(Dow Jones) The health-care overhaul President Barack Obama has signed into law will mean big changes for many small businesses.

Through a combination of penalties, tax credits and purchasing pools, lawmakers aim to boost insurance coverage for U.S. workers. The overall implications are far reaching, and the effect on investing could be signifcant. How this legislation will affect businesses depends in large part on their size.

Beginning in 2014, organizations with more than 50 employees that don't offer affordable coverage will pay a penalty starting at $750 a year per full-time worker under the bill approved by the Senate and House of Representatives.

A proposal approved separately by the House, which still requires Senate approval, would raise that penalty to $2,000.

Employers with 50 or fewer employees would be exempt from these penalties, while organizations with more than 200 workers would be required to enroll workers automatically into health-insurance plans offered by the employer. Employees can opt out of these plans.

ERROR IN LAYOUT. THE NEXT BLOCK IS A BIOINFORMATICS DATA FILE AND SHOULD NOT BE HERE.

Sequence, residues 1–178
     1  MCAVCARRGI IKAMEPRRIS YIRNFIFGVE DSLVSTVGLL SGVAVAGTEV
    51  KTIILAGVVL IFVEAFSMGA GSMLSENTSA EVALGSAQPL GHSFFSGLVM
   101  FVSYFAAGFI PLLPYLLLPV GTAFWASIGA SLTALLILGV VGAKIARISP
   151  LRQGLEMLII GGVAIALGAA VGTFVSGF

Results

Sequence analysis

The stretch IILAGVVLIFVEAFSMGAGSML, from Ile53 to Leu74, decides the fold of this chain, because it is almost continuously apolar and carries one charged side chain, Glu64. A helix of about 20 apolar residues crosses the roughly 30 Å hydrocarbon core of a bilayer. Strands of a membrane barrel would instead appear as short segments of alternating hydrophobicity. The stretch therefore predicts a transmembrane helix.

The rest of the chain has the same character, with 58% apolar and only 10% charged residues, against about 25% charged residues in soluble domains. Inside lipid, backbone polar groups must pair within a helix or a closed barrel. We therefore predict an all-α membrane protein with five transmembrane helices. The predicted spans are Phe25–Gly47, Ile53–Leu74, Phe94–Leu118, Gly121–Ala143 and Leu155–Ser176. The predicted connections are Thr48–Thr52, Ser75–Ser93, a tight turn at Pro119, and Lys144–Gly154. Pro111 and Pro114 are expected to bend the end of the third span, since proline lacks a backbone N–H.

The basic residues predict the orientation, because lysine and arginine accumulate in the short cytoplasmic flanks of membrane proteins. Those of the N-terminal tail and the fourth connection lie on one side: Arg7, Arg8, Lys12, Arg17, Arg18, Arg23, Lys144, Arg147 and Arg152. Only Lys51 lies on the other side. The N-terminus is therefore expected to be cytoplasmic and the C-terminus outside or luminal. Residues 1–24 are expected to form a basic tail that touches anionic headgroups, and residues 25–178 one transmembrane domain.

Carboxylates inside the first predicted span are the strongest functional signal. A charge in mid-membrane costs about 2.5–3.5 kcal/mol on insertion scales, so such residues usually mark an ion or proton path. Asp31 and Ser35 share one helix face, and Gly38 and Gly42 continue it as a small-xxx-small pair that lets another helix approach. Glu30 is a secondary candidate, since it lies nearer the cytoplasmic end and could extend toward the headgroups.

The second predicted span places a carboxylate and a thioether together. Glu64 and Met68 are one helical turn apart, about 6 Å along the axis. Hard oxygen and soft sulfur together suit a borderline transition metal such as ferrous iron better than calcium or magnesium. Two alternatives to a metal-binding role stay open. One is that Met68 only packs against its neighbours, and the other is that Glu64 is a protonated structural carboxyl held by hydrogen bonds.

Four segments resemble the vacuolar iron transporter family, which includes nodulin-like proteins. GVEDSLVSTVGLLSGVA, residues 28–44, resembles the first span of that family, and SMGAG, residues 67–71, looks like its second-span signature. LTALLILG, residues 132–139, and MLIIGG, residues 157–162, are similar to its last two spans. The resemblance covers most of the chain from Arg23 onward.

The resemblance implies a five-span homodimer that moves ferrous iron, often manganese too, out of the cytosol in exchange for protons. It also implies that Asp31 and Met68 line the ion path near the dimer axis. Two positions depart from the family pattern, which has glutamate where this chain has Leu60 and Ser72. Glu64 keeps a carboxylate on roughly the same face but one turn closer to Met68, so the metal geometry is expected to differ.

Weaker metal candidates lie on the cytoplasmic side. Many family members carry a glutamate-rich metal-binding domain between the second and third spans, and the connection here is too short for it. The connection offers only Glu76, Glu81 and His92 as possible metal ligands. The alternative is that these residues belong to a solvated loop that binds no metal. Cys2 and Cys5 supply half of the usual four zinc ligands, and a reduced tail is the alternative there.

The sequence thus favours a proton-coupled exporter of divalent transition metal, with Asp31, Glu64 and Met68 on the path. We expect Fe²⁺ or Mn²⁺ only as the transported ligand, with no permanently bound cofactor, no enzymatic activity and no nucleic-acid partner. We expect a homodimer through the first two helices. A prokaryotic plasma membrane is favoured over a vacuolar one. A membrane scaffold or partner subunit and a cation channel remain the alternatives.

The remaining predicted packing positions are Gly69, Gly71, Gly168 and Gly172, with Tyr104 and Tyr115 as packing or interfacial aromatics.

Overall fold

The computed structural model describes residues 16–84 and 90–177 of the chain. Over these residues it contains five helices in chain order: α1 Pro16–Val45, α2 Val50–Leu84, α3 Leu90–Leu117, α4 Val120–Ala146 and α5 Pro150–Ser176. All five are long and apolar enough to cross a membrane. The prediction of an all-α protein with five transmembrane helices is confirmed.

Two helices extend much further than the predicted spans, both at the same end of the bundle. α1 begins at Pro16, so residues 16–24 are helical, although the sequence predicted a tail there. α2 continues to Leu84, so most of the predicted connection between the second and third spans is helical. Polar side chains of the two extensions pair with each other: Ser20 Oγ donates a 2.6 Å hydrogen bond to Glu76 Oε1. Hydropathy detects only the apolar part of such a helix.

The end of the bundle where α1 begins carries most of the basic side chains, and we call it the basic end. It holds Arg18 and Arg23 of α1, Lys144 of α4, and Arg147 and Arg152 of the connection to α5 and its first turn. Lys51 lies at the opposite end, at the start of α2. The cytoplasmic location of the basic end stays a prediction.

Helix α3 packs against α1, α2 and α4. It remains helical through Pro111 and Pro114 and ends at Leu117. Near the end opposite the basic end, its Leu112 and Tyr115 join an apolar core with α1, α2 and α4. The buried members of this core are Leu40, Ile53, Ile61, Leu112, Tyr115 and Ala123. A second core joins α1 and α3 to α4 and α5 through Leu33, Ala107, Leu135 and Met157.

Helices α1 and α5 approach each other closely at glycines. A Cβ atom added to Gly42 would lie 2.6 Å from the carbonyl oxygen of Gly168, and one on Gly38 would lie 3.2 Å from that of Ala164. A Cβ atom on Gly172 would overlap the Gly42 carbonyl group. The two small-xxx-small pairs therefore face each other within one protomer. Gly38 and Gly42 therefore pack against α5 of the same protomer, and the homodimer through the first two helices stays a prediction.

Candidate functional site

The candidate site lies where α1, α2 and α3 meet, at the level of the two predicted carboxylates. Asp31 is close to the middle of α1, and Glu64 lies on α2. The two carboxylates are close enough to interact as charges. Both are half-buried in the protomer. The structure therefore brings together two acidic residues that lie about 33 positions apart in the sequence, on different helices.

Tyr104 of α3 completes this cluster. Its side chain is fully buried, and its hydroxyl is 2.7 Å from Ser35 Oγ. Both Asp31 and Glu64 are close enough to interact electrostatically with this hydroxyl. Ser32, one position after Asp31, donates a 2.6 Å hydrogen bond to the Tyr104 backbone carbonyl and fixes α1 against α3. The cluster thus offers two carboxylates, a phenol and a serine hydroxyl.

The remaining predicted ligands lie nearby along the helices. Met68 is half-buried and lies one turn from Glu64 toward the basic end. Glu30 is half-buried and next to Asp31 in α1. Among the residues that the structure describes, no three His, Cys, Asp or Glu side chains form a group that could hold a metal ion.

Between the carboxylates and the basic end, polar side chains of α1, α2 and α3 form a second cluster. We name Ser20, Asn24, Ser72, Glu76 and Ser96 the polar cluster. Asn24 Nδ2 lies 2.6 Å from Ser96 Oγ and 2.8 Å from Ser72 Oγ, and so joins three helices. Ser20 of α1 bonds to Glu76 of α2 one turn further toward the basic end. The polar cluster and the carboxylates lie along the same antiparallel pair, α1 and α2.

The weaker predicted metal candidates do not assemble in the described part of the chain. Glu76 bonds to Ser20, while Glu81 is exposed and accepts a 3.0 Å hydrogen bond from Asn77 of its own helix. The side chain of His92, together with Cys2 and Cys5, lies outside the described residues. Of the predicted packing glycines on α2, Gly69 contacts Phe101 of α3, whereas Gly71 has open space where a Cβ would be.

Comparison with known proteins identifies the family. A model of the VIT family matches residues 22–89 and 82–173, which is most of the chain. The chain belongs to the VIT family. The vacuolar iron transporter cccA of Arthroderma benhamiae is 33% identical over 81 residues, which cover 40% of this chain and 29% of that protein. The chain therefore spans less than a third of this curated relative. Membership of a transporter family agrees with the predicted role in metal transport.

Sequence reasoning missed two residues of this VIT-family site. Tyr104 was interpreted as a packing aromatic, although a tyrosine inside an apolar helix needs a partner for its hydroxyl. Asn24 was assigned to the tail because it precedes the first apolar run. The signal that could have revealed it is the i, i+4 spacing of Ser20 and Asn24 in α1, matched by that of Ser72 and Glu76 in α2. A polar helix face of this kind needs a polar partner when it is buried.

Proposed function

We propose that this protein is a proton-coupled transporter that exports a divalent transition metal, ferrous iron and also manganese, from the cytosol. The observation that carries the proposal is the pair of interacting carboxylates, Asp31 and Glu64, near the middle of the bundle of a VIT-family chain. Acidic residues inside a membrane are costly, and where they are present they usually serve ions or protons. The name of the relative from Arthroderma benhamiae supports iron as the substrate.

Penalties are the sticks meant to spur employers to offer coverage. The carrots comes in the form of tax credits.

For tax years 2010 through 2013, organizations with no more than 25 employees and average annual wages of less than $50,000 that purchase health insurance for employees would receive a tax credit that phases out as firm size and average wage increase, according to a legislative summary from the Henry J. Kaiser Family Foundation.

Beginning in 2014, eligible small businesses that purchase coverage through new state exchanges can also receive a tax credit for their contribution toward the employees' health-insurance premium.

The legislation calls for the creation of state-based exchanges through which individuals and small businesses can purchase health coverage.

Opinions on whether legislation will help or hinder small business vary.

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